Education and legislation are needed to combat the significant threat of deepfakes.
TechRepublic's Karen Roby talked with Matt Price of ZeroFox about the type of deep fakes circulating and their potential impact in the election cycle. The following is an edited transcript of their interview.
Matt Price: Audio deepfakes are just synthetic audio usually trained on a certain person's voice, such as the CEO of a company, and then you're able to then feed text into that algorithm, which then generates the appropriate words using that person's synthetic voice.
Video deepfakes, on the other hand, those are videos where you usually copy someone's face onto either an actor or just replace that original person's face, making them say something they never really said. So this can be very short spans of time. The video could be maybe just five seconds of modified video, or it could be the entire video is modified. We've seen deepfakes that are several minutes in length.
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Karen Roby: Expand for us on deepfakes during the election season and how concerned should we be?
Matt Price: We've seen proofs of concepts of deepfakes being released that could be used to influence the electorate. We haven't seen any deepfakes released in the wild that we think are genuinely malicious, not saying that they're deepfakes and trying to mask what they are. But really at the end of the day they could have huge influence. If a deepfake is dropped at the right time, say maybe two or three days before an election occurs, imagine the impact that could have if it goes viral? And within that two or three day period, it may not be enough time to go and conclusively prove that this video was a deepfake. That could sway the electorate then, enough to vote for a particular political candidate. That's really the huge question about deepfakes and how they could be deployed and how we would stop them before they went viral.
Beyond just deepfakes though, we've already seen the influence operations that happen today with texts and images. So deepfakes are really just another tool in that malicious actor's arsenal to conduct these influence operations.
Karen Roby: Are there different types of scams involving deepfakes in elections in particular?
Matt Price: In terms of elections at least, deepfakes, as I mentioned before, are just a small piece of the puzzle. There is a lot of stuff that already goes on today around elections that I don't think a lot of people are aware of. One of the big ones are imposters. There's a lot of people that go in and impersonate a political candidate, say we've caught a few with Bernie Sanders for example, and a couple with a President Trump. So those imposters go around, try to spread a slightly different message or they try to collect donations from people and obviously then disappear with the donations.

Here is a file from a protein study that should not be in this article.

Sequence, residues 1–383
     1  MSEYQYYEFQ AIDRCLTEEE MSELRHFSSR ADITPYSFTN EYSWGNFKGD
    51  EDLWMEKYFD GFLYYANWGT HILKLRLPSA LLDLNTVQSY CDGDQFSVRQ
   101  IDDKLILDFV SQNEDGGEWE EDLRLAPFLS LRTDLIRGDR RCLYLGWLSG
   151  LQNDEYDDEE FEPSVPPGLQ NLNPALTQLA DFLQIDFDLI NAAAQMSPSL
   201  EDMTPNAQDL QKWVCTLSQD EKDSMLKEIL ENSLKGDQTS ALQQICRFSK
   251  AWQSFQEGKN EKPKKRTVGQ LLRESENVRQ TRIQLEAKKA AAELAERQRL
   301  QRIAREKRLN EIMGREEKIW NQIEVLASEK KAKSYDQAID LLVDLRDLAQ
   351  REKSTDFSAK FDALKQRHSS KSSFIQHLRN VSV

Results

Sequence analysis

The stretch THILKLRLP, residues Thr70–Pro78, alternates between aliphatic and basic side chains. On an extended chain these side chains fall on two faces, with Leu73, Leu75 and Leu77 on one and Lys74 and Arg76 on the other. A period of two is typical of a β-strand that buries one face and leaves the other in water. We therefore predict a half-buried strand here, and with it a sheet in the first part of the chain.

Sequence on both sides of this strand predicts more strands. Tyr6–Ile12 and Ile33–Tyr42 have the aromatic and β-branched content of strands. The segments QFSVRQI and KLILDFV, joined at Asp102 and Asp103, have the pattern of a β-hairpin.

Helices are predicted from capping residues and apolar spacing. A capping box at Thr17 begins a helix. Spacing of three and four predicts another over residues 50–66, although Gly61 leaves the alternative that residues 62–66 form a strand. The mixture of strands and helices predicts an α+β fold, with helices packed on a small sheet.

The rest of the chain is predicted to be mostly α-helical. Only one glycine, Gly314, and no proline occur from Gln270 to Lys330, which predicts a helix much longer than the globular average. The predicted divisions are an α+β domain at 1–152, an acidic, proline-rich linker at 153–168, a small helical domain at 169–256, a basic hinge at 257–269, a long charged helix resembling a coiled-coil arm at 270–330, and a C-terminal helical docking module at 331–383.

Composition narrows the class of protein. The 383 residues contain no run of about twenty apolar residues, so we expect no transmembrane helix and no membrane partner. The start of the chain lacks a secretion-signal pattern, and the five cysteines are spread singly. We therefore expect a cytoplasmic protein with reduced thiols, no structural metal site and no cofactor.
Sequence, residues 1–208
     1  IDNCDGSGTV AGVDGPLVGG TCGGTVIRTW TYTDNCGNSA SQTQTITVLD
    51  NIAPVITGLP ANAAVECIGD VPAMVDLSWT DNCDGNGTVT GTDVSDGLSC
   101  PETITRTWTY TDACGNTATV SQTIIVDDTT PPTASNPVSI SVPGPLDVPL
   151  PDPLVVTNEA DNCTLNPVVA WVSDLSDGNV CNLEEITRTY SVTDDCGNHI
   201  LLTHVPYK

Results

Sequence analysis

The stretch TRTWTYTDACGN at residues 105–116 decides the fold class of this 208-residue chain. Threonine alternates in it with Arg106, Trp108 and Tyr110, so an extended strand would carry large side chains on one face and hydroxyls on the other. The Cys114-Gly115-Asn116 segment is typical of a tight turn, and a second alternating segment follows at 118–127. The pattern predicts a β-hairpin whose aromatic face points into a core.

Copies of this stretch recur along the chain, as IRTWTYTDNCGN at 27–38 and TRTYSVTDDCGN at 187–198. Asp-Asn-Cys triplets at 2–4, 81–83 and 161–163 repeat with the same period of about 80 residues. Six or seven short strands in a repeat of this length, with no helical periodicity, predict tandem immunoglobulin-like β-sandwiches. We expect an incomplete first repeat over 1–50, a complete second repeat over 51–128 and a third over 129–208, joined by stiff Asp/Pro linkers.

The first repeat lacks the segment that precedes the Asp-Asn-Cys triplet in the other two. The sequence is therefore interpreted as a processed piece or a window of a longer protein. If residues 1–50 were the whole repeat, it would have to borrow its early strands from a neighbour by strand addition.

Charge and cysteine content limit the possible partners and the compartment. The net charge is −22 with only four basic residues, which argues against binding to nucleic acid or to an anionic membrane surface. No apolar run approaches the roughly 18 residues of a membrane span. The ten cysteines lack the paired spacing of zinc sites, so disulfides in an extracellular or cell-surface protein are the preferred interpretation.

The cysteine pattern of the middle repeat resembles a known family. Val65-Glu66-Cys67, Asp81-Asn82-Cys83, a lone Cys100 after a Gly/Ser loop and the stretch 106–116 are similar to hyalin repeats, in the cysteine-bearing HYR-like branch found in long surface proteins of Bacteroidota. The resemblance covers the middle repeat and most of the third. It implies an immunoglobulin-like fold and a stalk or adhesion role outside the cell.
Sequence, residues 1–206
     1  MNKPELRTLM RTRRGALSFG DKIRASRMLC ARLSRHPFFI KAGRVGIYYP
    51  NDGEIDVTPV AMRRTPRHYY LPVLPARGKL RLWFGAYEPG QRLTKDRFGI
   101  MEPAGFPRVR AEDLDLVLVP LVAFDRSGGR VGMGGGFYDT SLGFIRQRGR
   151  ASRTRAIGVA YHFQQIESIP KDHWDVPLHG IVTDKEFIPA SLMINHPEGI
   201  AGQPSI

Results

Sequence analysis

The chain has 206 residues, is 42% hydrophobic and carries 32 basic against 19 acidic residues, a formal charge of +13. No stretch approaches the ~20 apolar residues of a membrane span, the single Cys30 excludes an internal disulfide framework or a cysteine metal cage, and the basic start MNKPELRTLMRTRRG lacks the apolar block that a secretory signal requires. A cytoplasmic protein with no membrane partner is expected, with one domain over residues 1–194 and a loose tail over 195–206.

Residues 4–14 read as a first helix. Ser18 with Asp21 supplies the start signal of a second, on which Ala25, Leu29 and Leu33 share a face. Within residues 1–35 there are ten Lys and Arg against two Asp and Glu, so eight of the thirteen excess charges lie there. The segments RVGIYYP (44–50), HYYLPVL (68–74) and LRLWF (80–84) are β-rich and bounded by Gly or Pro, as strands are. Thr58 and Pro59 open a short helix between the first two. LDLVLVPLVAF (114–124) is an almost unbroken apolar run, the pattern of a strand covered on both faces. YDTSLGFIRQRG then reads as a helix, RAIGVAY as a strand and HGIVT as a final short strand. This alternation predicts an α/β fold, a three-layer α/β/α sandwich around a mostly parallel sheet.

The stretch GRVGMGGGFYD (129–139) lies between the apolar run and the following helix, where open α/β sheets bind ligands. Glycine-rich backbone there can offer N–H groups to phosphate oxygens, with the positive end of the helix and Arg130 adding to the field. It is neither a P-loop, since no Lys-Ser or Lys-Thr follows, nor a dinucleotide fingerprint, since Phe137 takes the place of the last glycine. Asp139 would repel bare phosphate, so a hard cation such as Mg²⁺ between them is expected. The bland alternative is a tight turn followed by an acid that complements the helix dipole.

Similar to that, there's also scams where they're not trying to necessarily impersonate the political candidate, but they are trying to get money or personal identifiable information so they could perhaps later then try to break into a person's accounts.
Karen Roby: So the big question is, what do we do?
Matt Price: There's a number of different ways that this problem can be tackled, and I don't think any one by itself is a solution. One is just proactive policing on large websites, and particularly social media. Clearly designating that something is synthetic media or if the facts in the article cannot be proven, I think would go a long way toward just educating people about what they're reading.
The other piece is education. You have to be very aware and cognizant that what you're reading online may not be the truth. There is not necessarily a lot of policing with the content that gets put online and you never really know where it's coming from. Even if it supposedly states it's from, say, a large news organization, that could be obviously just synthetic and made up.
So those two things I think are critical. The other thing is legislation. At the end of the day, there are no laws that regulate what's going on with social media and websites today. They aren't responsible for the content that users put up there so they don't really have an incentive to go round and try to take down this synthetic content or even note that it is synthetic content. Coming up with some kind of political solution is the other piece of the puzzle as well.
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